Scalped #9 (DC/Vertigo): Hrmm, how else can I pay Scalped a compliment? I seem to be running out of ways... oh yeah, what about those covers by Jock? They capture the mood of the book and from an artistic design standpoint, I think they certainly hit a high point in terms of innovative ability to draw potential readers to this book sitting on the stands. As usual, Jason Aaron continues his thought provoking social commentary about an isolated enclave ebmedded within a larger society. This time out, he hits on some more spiritual notes and I really enjoyed R.M. Guera's graphic representation of various character's spirit animals. Red Crow's is a sickly, beaten, vile creature, seemingly gasping for a last breath, while Granny's is the might visage of a bear - the dichotomy plays extremely well. One thing that really struck me this time about Aaron's scripting ability is how he's able to balance dialogue with well timed narrative that offers counterpoint perspective. This narrative also employs simple and effective prose that strikes me as a style reminiscent of a modern day Hemingway. Case in point: "If ya' listen to the Christians, they'll tell ya' that everything that's wrong with the world is the fault of a snake, an apple, and a little red devil. That's the biggest crock of shit I ever heard. The snake is a sacred animal. A symbol of rebirth. Apples is good eatin.' And the devil...? In my experience, there ain't no goddamn devil... 'cept the one a man carries inside himself." Grade A+.

Lobster Johnson: The Iron Prometheus #1 (Dark Horse): There's no doubt that the long awaited Lobster Johnson mini-series has started with a pulp inspired bang. It's a burst of adventurous fun with an eclectic and interesting supporting cast that's seamlessly introduced. Jason Armstrong's pencils fit right into the Mignola-verse and depict the flow of the dialogue with likable ease. And what I really appreciated about this (after experiencing the opposite with Hellboy prime lately) is that the story isn't too bogged down in its own mythos to distract or push the reader out of the story. Grade A.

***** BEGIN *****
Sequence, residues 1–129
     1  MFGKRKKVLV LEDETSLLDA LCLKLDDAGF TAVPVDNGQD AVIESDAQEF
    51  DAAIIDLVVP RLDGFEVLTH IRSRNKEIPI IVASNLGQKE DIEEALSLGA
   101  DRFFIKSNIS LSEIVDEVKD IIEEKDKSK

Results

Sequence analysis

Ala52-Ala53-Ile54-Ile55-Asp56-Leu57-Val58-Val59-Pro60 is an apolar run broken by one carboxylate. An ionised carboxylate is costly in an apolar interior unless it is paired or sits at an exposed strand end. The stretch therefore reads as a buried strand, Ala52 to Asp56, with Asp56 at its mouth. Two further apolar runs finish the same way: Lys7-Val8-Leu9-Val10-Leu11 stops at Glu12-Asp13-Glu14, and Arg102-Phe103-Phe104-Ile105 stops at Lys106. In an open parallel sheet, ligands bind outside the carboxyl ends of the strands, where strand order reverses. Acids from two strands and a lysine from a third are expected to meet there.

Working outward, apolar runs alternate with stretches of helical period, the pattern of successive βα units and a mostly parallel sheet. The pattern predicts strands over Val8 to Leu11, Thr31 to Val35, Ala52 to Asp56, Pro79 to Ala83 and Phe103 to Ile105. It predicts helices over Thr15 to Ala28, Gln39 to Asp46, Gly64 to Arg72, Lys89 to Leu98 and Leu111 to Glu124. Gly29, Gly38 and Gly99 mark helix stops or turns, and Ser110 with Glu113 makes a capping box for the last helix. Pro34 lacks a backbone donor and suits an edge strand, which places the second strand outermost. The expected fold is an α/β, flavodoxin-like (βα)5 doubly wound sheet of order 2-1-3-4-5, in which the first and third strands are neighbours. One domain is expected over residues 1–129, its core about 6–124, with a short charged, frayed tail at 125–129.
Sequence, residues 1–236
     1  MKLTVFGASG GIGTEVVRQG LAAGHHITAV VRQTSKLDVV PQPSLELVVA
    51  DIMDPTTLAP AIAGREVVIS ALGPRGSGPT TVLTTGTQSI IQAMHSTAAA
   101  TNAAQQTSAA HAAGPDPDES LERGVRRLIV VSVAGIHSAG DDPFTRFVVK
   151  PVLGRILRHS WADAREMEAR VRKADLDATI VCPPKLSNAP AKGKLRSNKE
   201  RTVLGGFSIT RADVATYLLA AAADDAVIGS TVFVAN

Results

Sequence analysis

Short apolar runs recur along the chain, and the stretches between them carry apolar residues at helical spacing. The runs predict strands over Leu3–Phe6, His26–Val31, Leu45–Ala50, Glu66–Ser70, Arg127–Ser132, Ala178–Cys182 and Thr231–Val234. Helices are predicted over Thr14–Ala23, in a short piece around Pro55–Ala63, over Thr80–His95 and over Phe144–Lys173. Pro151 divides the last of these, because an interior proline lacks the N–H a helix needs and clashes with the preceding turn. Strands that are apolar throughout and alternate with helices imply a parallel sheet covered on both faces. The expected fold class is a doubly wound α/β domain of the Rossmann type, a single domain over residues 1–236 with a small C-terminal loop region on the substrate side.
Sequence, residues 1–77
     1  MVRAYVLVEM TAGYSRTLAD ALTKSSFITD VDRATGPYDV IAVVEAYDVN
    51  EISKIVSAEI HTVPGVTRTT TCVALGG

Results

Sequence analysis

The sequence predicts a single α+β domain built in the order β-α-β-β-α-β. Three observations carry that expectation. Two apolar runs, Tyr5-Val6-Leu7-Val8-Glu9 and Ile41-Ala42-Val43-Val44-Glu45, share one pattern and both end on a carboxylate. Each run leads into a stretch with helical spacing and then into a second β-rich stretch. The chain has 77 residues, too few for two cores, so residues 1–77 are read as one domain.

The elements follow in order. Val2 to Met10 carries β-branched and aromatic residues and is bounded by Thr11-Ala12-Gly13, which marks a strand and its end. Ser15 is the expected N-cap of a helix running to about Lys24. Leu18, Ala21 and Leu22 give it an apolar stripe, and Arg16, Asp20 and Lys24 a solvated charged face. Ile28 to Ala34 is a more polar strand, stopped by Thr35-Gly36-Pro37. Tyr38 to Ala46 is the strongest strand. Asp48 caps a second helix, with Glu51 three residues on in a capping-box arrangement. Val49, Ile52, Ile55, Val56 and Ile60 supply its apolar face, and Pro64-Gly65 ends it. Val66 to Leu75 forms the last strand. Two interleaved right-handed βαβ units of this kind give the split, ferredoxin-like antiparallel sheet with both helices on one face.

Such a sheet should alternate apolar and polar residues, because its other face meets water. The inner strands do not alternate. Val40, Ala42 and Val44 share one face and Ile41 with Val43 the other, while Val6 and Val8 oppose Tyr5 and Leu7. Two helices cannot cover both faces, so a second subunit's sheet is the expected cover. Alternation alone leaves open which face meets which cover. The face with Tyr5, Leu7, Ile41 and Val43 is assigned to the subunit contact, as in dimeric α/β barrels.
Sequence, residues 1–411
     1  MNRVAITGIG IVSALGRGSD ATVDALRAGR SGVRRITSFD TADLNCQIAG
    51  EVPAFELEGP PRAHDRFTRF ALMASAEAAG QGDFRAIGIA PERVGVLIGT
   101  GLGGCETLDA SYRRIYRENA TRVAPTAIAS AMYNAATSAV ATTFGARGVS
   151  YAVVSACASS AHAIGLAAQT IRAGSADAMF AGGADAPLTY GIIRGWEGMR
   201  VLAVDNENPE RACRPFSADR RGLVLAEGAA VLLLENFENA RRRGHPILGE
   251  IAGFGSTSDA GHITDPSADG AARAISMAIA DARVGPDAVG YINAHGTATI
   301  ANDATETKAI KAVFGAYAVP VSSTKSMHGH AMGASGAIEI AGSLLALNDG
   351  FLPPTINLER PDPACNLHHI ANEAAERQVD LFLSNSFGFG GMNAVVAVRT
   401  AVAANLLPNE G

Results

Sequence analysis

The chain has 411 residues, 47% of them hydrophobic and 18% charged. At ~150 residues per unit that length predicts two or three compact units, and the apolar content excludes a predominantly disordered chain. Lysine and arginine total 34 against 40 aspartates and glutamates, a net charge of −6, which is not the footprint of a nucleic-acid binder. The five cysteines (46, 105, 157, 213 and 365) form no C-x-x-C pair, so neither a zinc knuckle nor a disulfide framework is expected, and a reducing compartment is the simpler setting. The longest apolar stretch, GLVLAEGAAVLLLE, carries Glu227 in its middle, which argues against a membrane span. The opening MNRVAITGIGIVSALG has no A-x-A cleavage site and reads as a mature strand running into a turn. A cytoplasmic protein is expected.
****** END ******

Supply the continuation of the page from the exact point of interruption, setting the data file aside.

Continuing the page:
Iron Man: Enter The Mandarin #1 (Marvel): Naturally, the beautiful art deco inspired cover that harkens back to The Rocketeer grabbed my attention and absolutely drew me in. But then, the interior art takes on a wildly different stylistic note with it's sketchy lines and sharp angles. Naturally, the name Joe Casey on the cover as writer means an automatic purchase for me. But then, I find a dialogue heavy, un-engaging story that really lacks any sort of gravitas. The Mandarin comes off as a hokey, pontificating, stock villain, while we all know that Iron Man really isn't in any sort of peril whatsoever. I don't know if Casey is trying to emulate a more dense homage to Stan Lee, but it's really not what I expected, not playing well, and I won't be coming back for more. I'm bummed that I'm so disappointed by this. Sigh. Grade C.

I also picked up;

DMZ Volume 3: Public Works (DC/Vertigo): Between Scalped and DMZ, Vertigo is really firing on all cylinders right now for me. I've been picking up single issues of DMZ, then passing the arcs onto friends and coworkers as I upgrade to the trades. DMZ is consistently strong and I hope it stays around for a long while!

Sentences: The Life of M.F. Grimm (DC/Vertigo): The pencils are beautiful and being that it's based on the real life (mis)adventures of an underground Hip-Hop artist, this was an easy sell.

The Arrival (Scholastic/Arthur A. Levine Books): I picked up a free poster for The Arrival at the Scholastic booth at the San Diego Con and never thought much of it. The casual flip test revealed a boldly told narrative, sans dialogue, that looks to be a beautifully rendered alternate reality take on immigration to America; I'm really excited to sit down and take this in.


Graphic Novel(s) Of The Month

Notes For A War Story (First Second): There's really no other way to describe Gipi's master work than to mimic much of the essay material it contains - it's about boys and their guns. This tale that won the 2006 Best Book of the Year at Angeloume is about impressionable youth and the seduction of the gun. I can think of no better way to desribe it than to quote one of the most intelligent and crisp excerpts that I've come across in quite some time: "Of course, in the attempts of the powerless to gain some kind of power, guns provide an essential shortcut. For those who lack the opportunity or know-how to change the course of their lives, the ability to destroy provides a thrilling feeling of control." Though this story takes place in an un-named (assumably Balkan) country, the commentary on societal breakdown and the assumptions of power can be compared to everything from Lord of the Flies to modern urban gang violence. This book shouldn't be missed. Grade A.

PulpHope (AdHouse Books): Finally! This is truly the coffee table book that every Paul Pope fan has been waiting for. It's chock full of personal essays, a retrospective of his career, fold out posters, lush prints and sketches, and the closest I've seen to a complete bibliography, chronicling the early THB issues, all the way up to the Eisner Award winning short "Teenage Sidekick" from his issue of DC's Solo series and Batman: Year 100. Any fan of the modern pop design star icon simply can't miss this effort. It really makes you think that Pope is this generation's last hope. Heck, I even bought my new boss a copy and had it signed at the San Diego Con. Alas, if AdHouse had only done a limited edition hardcover, that would have secured the + to the Grade A.